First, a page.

novelist of all things!  Didn’t she get the memo from her vagina that she wasn’t supposed to make art anymore?  Or, if she did, that it should be for kids only?  I’ll bet her novel totally sucks compared to Katie’s awesome mobiles.  I’ll bet Kepler would not have been impressed with her novel at all.  Taiwan, man, that’s where women are women.  Which reminds me of an even more charming turn in this essay:

The birthing staff at Beth Israel: Nurse Linda and Nurse Sara, seraphs the both of them; Doctor Yum—Doctor Yummy—the preternaturally beautiful doctor on call (because our own preternaturally beautiful doctor was in Greece on a date (Ethan arrived two weeks early); and one other nurse who entered stage left rather late in the act.

Yep — Giraldi takes a little break to note the hotness of the Asian woman who’s in the process of delivering his child.

Yummy!

But what do I know?  I’m a feminist and an academic.  Giraldi doesn’t have much use for my kind.  Here he goes again, in the Virginia Quarterly review complaining about smelly English professors and their theories:

These are politicizers who marshal literature in the name of an ideological agenda, who deface great books and rather prefer bad books because they bolster grievances born of their epidermis or gender or sexuality, or of the nation’s economy, or of cultural history, or of whatever manner of apprehension is currently in vogue.

But not William Giraldi!  He is not one of those smelly people.  He has no ideology, or if he does, he manfully wrestles it into submission because he is interested only in beauty.  Of books, of Asian ob/gyns, whatever.  That bit above is followed by many many paragraphs of complaint, which I can’t quite bring myself to reproduce.  But you can read it yourself, or just cut and paste a few dozen randomly chosen sentences from any book about “political correctness” or “tenured radicals” written between 1990 and 1995, and you’ll get the general idea.

What really bugs Giraldi is that academics, in his view, can’t write.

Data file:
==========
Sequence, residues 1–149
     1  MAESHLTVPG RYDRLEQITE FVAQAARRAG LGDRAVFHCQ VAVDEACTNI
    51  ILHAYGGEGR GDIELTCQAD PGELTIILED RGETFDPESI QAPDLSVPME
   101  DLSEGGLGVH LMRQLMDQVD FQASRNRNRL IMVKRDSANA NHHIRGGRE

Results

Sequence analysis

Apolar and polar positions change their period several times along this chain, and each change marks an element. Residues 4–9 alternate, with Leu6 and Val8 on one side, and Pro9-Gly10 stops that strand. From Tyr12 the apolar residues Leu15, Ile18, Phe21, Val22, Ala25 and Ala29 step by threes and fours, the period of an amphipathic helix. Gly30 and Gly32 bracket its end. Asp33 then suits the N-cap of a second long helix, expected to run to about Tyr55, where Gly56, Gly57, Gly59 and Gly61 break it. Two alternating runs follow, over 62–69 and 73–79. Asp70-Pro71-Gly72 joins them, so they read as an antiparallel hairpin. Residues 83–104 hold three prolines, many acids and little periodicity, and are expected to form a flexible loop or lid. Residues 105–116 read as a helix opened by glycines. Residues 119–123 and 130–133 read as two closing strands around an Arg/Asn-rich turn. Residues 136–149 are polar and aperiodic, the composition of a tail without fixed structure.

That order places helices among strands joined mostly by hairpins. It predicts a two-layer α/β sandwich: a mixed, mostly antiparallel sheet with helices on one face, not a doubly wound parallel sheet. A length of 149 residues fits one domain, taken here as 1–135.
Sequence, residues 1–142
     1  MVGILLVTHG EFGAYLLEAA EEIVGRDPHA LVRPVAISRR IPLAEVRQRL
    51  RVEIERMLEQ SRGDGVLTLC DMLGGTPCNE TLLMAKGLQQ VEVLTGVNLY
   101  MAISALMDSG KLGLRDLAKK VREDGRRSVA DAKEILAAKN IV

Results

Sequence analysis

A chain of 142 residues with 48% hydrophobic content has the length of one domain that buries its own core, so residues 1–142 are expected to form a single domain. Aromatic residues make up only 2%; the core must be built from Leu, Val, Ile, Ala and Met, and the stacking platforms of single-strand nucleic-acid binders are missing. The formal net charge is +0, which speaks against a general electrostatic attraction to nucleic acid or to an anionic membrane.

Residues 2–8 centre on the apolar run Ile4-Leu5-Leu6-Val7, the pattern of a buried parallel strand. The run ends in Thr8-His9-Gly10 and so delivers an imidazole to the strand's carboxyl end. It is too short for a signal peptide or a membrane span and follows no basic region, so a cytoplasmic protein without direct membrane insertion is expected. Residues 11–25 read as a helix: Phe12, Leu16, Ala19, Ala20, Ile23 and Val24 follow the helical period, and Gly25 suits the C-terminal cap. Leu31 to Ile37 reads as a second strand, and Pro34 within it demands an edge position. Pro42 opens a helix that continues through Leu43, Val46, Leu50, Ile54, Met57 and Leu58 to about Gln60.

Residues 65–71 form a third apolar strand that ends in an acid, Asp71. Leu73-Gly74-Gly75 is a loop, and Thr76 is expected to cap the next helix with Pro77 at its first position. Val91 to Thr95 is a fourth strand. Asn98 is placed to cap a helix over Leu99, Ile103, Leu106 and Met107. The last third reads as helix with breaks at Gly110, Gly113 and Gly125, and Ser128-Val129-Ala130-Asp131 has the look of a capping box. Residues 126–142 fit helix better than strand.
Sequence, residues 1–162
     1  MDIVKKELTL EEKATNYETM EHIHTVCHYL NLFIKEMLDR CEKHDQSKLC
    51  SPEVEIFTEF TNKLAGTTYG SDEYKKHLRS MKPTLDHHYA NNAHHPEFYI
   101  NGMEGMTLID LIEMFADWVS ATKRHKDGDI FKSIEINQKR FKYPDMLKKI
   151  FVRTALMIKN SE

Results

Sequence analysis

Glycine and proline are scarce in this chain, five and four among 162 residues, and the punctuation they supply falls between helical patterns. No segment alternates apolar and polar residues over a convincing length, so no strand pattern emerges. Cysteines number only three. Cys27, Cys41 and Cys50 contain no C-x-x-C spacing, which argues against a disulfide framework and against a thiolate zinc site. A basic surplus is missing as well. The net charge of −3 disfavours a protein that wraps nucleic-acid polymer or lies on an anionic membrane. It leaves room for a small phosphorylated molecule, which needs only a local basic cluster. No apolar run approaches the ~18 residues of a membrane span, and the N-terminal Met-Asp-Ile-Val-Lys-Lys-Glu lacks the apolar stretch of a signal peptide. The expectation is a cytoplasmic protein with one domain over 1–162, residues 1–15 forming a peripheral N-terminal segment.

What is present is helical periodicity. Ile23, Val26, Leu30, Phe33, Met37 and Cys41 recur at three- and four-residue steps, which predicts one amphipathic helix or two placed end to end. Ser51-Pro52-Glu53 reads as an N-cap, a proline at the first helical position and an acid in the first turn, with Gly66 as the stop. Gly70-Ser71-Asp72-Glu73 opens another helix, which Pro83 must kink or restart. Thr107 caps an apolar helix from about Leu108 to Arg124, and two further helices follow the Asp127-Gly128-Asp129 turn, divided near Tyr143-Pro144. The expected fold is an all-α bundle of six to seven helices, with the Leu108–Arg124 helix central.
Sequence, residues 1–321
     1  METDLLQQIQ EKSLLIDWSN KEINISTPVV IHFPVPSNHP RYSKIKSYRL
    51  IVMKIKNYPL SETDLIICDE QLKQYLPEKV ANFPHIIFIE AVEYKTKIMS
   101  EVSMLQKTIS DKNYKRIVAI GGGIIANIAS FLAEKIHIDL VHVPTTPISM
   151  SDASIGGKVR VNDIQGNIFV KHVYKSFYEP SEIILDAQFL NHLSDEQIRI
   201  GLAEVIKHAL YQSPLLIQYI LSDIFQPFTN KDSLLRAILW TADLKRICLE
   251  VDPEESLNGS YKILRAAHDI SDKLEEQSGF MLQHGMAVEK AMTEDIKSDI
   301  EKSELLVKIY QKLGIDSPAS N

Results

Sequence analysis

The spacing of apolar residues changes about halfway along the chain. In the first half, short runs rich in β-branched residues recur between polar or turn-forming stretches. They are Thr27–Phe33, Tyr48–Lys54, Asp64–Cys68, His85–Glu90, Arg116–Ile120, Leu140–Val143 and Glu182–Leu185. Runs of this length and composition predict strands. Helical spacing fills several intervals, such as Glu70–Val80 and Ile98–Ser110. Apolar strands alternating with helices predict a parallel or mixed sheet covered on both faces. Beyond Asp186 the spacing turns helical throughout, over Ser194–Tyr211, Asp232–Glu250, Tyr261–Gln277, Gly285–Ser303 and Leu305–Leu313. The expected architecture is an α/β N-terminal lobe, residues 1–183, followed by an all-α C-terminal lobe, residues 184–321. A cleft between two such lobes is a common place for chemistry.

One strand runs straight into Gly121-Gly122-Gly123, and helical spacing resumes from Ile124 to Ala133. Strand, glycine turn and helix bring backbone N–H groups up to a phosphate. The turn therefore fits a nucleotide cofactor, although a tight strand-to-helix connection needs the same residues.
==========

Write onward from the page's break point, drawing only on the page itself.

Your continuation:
But all too often you’ll be assailed by such shibboleths as historicize, canonicity, disciplinization, relationality, individuated, aggressivity, supererogatory, ethicalization, and verticality before you are mugged by talk of affective labor, gendered schema, sociably minded animism, the rhetorical orientation of a socially responsive and practical pedagogy, historical phenomenology of literariness, associationist psychology, hermeneutic procedures, the autonominization of art, an idiolect of personal affection, the hierarchy of munificent genius, and textual transactions, and then you’ll be insulted by such quotidian clichés as speak volumes, love-hate relationship, the long haul, short shrift, mixed feelings, and playing dumb.  Why the needless redundancy “binding together”? Have you ever tried to bind something apart?

No, but then again, I’ve never encountered a cliché that wasn’t quotidian, either.  As for “bound together,” it’s good enough for the Bible, which suggests that no man put asunder what God has etc.  (“Joined together” is a more common rendering, but you can’t join things apart either.)  All this stuff about quotidian cliché is a bit rich, anyway, from a guy who called somebody’s second novel a “sophomore effort.”

Those technical terms, well, some of them I know what they mean:  “affective labor” is a real thing which as far as I know has no other short name, and “canonicity” means “the condition of being canonical” — would Giraldi really prefer “canonicalness”?  “Idiolect” is a handsome and useful word too.